Etiology and Pathogenesis of Late-Onset Alzheimer’s Disease

Part of the following topical collections:
  1. Topical Collection on Basic and Applied Science


Alzheimer’s disease (AD) is a neurodegenerative condition that occurs in two forms, an early-onset form that is genetically determined and a far more common late-onset form that is not. In both cases, the disease results in severe cognitive dysfunction, among other problems, and the late-onset form of the disease is now considered to be the most common cause of dementia among the elderly. While a good deal of research has been focused on elucidating the etiology of the late-onset form for more than two decades, results to date have been modest and have not yet engendered useful therapeutic strategies for cure of the disease. In this review, we discuss the prevalent ideas that have governed this research for several years, and we challenge these ideas with alternative findings suggesting a multifactorial etiology. We review promising newer ideas that may prove effective as therapeutic interventions for late-onset AD, as well as providing reliable means of earlier and more specific diagnosis of the disease process. In the discussions included here, we reference relevant clinical and basic science literature underlying research into disease etiology and pathogenesis, and we highlight current reviews on the various topics addressed.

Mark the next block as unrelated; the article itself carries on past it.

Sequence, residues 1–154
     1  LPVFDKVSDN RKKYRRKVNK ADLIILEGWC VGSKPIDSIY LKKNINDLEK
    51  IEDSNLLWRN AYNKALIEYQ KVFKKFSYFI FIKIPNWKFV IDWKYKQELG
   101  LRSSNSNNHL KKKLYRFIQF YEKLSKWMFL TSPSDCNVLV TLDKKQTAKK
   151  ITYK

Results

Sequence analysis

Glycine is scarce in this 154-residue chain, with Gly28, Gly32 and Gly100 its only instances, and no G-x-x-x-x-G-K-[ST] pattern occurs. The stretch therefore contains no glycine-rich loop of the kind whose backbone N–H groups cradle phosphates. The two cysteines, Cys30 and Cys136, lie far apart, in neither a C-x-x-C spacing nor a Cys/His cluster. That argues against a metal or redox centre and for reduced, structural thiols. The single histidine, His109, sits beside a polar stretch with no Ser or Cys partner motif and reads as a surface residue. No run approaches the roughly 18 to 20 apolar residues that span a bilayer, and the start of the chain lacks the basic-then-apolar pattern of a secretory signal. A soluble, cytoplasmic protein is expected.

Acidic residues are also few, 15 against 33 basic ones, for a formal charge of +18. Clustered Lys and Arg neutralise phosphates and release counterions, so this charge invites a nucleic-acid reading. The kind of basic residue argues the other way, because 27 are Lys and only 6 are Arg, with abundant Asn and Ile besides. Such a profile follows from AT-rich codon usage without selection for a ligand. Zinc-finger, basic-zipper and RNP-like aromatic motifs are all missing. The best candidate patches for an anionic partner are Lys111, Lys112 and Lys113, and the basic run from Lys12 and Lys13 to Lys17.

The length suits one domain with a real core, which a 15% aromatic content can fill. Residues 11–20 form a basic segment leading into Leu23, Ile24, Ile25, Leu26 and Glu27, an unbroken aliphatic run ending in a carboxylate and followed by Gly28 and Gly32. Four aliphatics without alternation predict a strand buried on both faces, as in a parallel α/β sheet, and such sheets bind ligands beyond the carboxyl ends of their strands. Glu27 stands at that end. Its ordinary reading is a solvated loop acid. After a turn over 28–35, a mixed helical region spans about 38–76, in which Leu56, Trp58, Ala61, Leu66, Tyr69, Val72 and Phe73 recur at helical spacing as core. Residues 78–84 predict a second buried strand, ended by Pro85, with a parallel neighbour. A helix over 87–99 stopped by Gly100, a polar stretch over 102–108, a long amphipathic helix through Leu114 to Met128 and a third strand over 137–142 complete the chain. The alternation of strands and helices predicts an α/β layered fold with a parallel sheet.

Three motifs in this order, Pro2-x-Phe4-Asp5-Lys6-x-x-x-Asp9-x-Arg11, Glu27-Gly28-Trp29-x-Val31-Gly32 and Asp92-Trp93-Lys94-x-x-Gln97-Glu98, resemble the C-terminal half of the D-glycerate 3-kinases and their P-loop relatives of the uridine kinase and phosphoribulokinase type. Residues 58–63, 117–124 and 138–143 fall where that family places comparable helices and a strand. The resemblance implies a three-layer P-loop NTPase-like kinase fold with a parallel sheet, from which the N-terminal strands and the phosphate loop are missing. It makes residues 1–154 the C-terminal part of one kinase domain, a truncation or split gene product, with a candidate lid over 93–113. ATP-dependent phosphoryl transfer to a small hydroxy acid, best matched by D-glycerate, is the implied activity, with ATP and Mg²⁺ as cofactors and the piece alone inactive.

Alzheimer’s disease Late onset Amyloid cascade hypothesis Inflammation Infection Neuropathogenesis Etiology Pathogenesis Diagnosis 


Papers of particular interest, published recently, have been highlighted as: • Of importance •• Of major importance

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Copyright information

© Springer Science+Business Media New York 2013

Authors and Affiliations

  1. 1.Department of Pathology, Microbiology, Immunology, and Forensic MedicinePhiladelphia College of Osteopathic MedicinePhiladelphiaUSA
  2. 2.Department of Immunology and MicrobiologyWayne State University School of MedicineDetroitUSA

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